An important element to the notion of self-driving cars is that they are able to communicate between each other and surrounding infrastructure. While automotive manufacturers have begun to explore this technology and even banded together to hasten its emergence, the Virginia Tech Transportation Institute has been quietly working toward a similar goal. With the an award of US$1 million in funding courtesy of the US Department of Transportation, its researchers hope to develop a framework to facilitate a safe future for autonomous vehicles.
The federal funding will supplement a $3 million project already underway at the institute, which aims to establish a reference guide for app developers and manufacturers of driving systems on how motorists can safely and effectively receive communications from the vehicles and infrastructure.
Thus far, the institute has conducted testing for communicating information such as weather and traffic reports to drivers without compromising safety. This has involved interfaces such as windshield augmented reality pop-ups and audible devices both in simulation and on actual highways where the driver interacts through voice and hand gestures.
"Vehicle-to-vehicle technology represents the next generation of auto safety improvements, building on the life-saving achievements we’ve already seen with safety belts and air bags," said US Transportation Secretary Anthony Foxx. "By helping drivers avoid crashes, this technology will play a key role in improving the way people get where they need to go while ensuring that the US remains the leader in the global automotive industry.”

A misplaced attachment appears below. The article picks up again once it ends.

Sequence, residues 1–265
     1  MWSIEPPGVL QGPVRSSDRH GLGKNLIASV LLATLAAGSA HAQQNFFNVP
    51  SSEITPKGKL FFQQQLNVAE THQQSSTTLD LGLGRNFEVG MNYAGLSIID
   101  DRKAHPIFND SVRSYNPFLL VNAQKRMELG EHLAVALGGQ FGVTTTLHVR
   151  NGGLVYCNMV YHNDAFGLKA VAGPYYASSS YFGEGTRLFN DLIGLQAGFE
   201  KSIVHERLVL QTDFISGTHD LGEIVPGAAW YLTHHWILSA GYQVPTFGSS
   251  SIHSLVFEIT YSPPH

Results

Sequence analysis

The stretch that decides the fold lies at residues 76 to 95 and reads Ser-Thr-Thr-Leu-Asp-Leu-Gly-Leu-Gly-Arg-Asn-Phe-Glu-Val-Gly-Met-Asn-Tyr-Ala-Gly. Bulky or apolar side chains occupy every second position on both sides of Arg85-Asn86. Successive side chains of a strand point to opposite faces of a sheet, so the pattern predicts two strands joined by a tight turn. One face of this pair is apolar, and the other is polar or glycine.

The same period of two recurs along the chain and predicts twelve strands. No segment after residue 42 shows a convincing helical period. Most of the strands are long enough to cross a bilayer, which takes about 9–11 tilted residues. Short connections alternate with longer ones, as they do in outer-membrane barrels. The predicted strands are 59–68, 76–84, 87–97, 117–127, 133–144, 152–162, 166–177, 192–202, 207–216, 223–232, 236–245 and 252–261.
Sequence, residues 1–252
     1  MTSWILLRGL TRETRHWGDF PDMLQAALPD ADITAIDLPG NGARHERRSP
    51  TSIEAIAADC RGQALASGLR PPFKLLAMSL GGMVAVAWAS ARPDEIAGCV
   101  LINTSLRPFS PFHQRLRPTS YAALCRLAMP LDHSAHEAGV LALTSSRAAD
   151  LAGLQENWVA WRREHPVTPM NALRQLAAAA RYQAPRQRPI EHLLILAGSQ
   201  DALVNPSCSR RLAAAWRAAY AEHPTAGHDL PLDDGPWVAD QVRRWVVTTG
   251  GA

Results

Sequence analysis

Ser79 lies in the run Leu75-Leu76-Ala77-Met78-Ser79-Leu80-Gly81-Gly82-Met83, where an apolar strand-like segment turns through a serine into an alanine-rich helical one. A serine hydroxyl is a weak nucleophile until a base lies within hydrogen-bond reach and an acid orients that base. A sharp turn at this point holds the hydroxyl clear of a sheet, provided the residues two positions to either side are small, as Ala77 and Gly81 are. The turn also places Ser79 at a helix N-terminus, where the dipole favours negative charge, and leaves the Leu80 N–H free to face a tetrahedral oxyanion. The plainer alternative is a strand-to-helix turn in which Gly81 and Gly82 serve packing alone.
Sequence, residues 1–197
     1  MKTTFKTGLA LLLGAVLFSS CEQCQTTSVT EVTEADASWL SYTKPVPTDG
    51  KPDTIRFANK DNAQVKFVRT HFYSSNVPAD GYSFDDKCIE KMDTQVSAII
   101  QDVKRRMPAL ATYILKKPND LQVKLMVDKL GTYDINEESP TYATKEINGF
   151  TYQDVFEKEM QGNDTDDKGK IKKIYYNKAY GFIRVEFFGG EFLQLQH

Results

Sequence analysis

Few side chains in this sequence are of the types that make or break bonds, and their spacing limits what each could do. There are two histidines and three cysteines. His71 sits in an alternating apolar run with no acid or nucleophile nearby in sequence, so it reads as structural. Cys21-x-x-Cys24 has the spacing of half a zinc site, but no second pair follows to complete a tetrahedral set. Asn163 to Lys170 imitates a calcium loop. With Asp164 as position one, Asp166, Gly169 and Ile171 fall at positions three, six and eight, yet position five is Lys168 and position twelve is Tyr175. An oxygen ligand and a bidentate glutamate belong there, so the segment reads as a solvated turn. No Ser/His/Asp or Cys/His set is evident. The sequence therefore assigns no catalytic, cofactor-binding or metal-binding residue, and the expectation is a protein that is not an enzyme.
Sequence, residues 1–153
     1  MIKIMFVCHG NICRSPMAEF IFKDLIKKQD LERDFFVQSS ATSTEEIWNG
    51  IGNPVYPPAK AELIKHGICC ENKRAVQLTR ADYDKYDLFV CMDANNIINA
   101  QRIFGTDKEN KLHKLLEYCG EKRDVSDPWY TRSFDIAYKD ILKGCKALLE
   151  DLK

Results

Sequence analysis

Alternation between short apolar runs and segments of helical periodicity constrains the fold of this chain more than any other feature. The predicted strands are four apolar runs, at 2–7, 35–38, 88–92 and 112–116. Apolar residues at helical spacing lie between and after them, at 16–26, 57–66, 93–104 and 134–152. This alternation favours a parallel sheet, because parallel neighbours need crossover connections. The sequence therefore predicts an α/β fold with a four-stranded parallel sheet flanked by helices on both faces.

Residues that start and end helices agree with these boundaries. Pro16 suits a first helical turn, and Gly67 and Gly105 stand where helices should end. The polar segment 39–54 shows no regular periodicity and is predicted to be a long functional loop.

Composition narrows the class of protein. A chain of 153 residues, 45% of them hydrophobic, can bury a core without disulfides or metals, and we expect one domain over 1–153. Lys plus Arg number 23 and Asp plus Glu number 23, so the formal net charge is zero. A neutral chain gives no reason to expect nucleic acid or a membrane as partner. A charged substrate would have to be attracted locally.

In coordination with the State Department of Transportation, the Virginia Tech Transportation Institute already has a $14 million test bed in place. It contains 43 wireless infrastructure devices which, situated along two interstate highways, send basic safety messages to a fleet of test cars, trucks and motorcycles also fitted with wireless systems.
Challenges that the institute is aiming to overcome include the creation of uniform warnings across different devices and vehicles, determining what is pertinent information for different road users (a truck driver and a motorcycle rider for example) and also securing the systems against hackers.
"We see this as a hugely progressive move," said Zac Doerzaph, director of the institute’s Center for Advanced Automotive Research and lead investigator on the project. "Vehicle communication technology has the great ability to improve safety, if it is implemented in a wise and safe way. We’re trying to get ahead of the game to ensure design before connectivity proliferates the entire driving experience."
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